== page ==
British Heart Foundation (BHF) has a vision; for a world without heart and circulatory diseases. We have been running a series of campaigns to realise our vision by getting our heart health information and support to those who need it most.
As a marketer this challenge is a dream to work on – how can we connect our health content with the people out there who really need us and how can we tailor their experiences according to who they are?
Seven million people with undiagnosed high blood pressure
Our first ‘conditions led campaign’ on high blood pressure launched at the end of November 2017. BHF has lots of information and support, a helpline and a free heart health magazine for people with high blood pressure.
Our aim is to raise awareness of the risk of high blood pressure, inspire people to get it checked and make changes to their health. We also had key KPIs on increasing our reach and engagement on pages.
What do people need?
In the planning stages of the campaign we quickly identified different audiences with very different needs.
- People who are at risk of high blood pressure need to get their blood pressure checked.
- People who have already been diagnosed need to start make changes to their lifestyle – quickly.
Rather than directing them to our current high blood pressure page which caters for everyone, we wanted to prioritise the most important health message for each audience.
The genius of digital targeting
Digital targeting then came into its own. Because we could segment our audiences so carefully, we were able to create three different personalised landing pages that offer the audiences the message they need. We used a marketing model (SEE, THINK, DO) to identify our segments.
- People aged 50+ displaying ‘risk behaviours’ but no intent on getting checked (SEE)
- People 50+ showing they are already considering making positive health changes (THINK)
- People 50+ actively searching online for high blood pressure content (DO)
We used Facebook and Display advertising to reach our audience. We are very fortunate to have an internal creative team who produce some wonderful concepts, copy and graphics that our audiences love. We produced slightly different variants of the creative, depending on whether they were likely or not to have had their blood pressure checked already.
As the campaigns are always on, we are able to test, learn and optimise using a more agile working approach. We quickly saw using tools such as Sessioncam that people wanted more information, and we made changes to the landing pages based on Facebook comment feedback. Our changes increased time spent on site by one minute! We’ve also used Facebook comments to give us further ideas of new content (for example content on low blood pressure) we can develop so we can better support people.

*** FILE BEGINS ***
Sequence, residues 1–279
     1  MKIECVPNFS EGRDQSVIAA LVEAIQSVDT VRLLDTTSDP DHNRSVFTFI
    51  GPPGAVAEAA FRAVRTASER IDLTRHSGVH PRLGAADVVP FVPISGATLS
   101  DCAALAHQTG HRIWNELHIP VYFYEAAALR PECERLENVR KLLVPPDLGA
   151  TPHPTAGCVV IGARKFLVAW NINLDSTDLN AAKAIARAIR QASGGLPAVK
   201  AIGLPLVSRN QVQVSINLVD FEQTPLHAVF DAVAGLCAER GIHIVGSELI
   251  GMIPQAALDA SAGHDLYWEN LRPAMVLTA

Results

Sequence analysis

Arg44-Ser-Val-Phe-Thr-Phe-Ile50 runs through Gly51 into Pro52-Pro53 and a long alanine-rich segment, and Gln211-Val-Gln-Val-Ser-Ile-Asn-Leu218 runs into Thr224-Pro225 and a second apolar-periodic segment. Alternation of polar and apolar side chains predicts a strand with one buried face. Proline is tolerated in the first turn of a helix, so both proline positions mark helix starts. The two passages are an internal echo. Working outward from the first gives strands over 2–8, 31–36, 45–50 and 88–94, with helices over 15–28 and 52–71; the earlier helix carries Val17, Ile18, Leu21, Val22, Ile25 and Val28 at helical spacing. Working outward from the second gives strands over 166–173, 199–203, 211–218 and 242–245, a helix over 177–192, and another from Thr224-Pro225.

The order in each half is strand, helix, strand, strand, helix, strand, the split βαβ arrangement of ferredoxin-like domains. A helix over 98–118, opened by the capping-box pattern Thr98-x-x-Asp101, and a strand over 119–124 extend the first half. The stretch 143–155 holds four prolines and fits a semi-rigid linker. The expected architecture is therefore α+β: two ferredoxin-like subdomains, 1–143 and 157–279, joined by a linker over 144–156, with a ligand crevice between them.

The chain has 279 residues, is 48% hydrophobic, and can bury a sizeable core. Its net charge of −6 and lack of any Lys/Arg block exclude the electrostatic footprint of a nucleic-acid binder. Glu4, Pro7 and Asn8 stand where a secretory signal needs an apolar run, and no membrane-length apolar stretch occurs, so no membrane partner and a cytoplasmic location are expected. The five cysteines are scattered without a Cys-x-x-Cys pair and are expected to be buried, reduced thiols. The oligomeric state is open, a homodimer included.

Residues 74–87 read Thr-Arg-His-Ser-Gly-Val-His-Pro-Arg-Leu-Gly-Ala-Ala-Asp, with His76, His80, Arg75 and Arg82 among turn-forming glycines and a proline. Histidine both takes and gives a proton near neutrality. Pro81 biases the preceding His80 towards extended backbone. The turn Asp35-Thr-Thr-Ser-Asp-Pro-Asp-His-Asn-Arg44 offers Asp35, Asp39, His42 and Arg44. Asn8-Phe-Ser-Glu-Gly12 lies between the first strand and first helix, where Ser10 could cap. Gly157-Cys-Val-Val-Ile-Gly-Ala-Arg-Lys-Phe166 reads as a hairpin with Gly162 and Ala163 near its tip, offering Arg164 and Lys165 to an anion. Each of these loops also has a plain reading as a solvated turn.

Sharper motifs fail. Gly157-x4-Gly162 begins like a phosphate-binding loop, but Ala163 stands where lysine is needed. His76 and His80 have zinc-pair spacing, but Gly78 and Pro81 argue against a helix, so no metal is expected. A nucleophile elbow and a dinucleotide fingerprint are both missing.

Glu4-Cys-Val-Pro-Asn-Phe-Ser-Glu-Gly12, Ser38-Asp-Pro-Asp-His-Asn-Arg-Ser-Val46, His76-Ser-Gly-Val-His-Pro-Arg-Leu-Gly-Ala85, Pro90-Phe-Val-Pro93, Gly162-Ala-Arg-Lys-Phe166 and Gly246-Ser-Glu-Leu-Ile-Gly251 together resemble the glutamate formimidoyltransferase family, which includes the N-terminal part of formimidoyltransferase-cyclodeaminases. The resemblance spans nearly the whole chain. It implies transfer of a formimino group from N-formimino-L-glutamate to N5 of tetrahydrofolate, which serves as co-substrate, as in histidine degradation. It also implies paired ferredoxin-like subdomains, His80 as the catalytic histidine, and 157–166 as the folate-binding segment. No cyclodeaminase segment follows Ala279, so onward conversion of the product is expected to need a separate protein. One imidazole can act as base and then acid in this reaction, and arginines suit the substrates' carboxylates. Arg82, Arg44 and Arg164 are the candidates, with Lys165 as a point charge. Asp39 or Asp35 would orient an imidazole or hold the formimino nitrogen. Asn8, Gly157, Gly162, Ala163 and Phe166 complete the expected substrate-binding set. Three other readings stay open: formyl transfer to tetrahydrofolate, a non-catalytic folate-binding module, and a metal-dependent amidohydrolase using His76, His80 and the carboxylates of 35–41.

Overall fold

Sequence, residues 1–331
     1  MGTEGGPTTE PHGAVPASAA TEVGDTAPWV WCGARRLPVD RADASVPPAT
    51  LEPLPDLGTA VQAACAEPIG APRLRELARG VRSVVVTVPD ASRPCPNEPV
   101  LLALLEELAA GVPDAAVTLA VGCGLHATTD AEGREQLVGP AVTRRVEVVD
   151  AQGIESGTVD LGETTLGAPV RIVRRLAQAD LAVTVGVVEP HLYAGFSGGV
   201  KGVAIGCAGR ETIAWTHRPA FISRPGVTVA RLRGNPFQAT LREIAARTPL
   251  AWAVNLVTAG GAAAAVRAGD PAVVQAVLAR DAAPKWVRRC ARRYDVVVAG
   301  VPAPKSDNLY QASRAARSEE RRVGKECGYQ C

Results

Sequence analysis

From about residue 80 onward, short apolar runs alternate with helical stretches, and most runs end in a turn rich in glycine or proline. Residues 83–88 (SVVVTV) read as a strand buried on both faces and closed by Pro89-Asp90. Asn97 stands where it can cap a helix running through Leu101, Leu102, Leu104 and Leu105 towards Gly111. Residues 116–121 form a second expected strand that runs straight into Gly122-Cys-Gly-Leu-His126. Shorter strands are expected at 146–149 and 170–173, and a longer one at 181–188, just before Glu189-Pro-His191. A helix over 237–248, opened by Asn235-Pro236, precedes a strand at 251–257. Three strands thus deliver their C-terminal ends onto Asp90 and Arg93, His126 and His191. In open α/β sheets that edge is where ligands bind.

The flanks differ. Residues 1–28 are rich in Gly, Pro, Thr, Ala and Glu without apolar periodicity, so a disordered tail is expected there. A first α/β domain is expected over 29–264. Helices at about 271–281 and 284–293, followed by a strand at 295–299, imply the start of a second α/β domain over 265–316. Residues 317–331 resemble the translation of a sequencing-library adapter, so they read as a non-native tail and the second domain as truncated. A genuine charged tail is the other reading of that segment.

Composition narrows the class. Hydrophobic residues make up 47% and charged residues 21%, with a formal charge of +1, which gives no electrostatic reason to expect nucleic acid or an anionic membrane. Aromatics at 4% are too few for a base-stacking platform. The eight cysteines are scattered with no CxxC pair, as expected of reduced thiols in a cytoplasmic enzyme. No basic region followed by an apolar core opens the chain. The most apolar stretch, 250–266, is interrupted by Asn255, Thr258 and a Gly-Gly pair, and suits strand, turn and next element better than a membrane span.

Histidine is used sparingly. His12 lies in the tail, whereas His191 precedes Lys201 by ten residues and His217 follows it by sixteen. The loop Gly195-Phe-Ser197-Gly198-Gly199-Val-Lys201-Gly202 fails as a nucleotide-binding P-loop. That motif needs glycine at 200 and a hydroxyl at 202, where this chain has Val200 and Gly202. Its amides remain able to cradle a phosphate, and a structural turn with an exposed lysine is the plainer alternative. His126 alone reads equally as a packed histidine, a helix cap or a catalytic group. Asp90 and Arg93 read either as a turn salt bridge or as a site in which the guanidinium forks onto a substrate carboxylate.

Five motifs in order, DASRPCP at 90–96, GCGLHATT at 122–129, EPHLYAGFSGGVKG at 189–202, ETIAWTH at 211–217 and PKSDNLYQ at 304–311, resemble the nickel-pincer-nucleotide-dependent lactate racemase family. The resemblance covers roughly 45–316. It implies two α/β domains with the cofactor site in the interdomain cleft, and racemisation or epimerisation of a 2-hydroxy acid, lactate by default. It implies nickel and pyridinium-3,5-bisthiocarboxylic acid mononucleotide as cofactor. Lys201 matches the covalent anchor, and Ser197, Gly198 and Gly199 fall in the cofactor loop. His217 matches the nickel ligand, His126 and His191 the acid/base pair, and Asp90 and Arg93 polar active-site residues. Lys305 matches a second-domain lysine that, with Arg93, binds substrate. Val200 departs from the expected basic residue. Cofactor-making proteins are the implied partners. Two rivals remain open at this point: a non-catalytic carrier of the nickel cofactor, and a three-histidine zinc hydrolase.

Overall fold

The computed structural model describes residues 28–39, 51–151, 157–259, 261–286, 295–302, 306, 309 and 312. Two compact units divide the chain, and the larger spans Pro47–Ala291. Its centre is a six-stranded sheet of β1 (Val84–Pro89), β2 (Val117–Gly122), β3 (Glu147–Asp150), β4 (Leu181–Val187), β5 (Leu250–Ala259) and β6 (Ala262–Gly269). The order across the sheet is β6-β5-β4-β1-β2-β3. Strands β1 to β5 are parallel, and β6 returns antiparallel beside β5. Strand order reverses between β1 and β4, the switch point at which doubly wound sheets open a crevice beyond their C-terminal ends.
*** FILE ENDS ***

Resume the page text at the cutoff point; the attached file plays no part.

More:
Once the advert is shown to our audience segments, they are directed to personalised pages. Each of the personalised pages is specifically designed to speak to the segments motivations, and are therefore more likely to encourage their use of resources, engage with the content and crucially take action to support their own health need. We are working on back end personalisation so that in the future this personalisation will be hosted on one URL. We’re also planning to incorporate data capture on these pages so that audiences can sign up for tailored email journeys.
Results are in…
We have reached over four million people with the campaign, 500,000 people have clicked through, with a 1% CTR (BHF benchmark is 0.10%) and 1.52% engagement rate (BHF benchmark is between 0.5-1.5%) and have increased traffic to high blood pressure content across the site by 72%.
Through the high dwell time (1.46) and SessionCam heatmaps, we can see that people are engaging with the content in this campaign and are likely to be reading the whole page before going elsewhere or leaving the site.
- Personalised high cholesterol campaign live and currently being optimised
- Atrial Fibrillation campaign launching in May, also personalised
- Exit surveys to be introduced on landing pages to monitor people’s likelihood to get their blood pressure checked and make changes to their everyday health.